London leavers: Astronomical rents drove me out of living in the capital

webnexttech | London leavers: Astronomical rents drove me out of living in the capital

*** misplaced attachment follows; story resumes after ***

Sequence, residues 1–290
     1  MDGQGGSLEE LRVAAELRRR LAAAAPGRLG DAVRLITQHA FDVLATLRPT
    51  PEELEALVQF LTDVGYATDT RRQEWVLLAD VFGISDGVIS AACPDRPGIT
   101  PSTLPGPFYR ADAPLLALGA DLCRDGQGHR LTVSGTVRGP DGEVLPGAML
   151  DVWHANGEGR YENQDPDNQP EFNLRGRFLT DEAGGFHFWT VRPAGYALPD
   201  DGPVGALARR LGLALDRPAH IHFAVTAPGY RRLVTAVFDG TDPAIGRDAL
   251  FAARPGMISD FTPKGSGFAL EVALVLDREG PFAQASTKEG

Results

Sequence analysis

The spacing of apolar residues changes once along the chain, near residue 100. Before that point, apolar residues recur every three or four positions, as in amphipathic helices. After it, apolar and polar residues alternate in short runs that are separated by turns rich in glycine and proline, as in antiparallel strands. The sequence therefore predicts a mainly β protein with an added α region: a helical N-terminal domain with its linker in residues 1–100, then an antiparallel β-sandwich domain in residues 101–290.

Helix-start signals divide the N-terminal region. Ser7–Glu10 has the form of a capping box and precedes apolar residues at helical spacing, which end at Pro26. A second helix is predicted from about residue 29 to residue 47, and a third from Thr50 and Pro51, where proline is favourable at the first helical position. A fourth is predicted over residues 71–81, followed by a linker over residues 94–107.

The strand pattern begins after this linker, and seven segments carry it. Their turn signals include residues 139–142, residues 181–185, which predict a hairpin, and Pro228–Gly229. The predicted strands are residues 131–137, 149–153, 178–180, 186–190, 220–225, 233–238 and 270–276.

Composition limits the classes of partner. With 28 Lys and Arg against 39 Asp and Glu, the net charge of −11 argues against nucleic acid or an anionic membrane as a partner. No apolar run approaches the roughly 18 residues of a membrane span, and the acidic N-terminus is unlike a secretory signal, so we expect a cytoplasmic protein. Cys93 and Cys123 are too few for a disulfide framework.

London’s astronomical rents drove Alice Harvey out of the capital. And moving to the Midlands brought her a totally new life, complete with her own business, a new partner, and a permanent home. Brought up in Devon, Alice moved to the capital at 18 to study. She stayed on after graduating, living in a series of “fairly grimy” shared homes with friends, before moving in with a boyfriend. Their “absolutely minuscule” one-bedroom flat in Ealing cost around £1,500 a month. There were a lot of things Alice loved about London — the theatre and art galleries in particular — but she was working long hours in marketing and communications, hated the commute, and had no hope of buying a home of her own. When she and her boyfriend split up, Alice reassessed. “I felt it was time to pull the plug on London,” she said. “I really didn’t want to go back into shared accommodation.” She began to consider alternatives where there was plenty of job opportunity and life was more affordable and Birmingham seemed the obvious choice. In 2019 Alice rented a city centre one bedroom flat for £700 a month. “And that was including bills,” she said. “It was about double the size of my flat in London. I couldn’t believe it.” Alice turned 30 the year she moved and, short on local friends, she joined a dating website. Her first date with her boyfriend, Jeff Grant, 34, a forestry project manager, was on her birthday. “I was going down to London to celebrate with my friends, but I didn’t want to sit at home on my actual 30th,” she said. The convenience date turned into a relationship and when the first lockdown was announced Jeff suggested Alice come and stay at his three-bedroom house in a village just outside Coventry. “It was a bit weird when I moved in because we hadn’t been seeing each other for very long, but we thought it would be for about six weeks,” said Alice. “That was four years ago.” Alice now contributes to the mortgage, paying £350 a month in rent, and they live together with their Greek rescue cat, Sandy. This cut in her expenses allowed her to rethink her new job working in marketing for a firm in Birmingham. Three years ago she set up a social enterprise, SIC, a now multi award winning social enterprise that works to close the disability employment gap. This is a subject dear to Alice’s heart since she has suffered from chronic respiratory conditions since birth. “I had always wanted to set something up for myself, and when my living costs decreased, again, it was the perfect opportunity,” she said. “It is something I would never have been able to do in London.”

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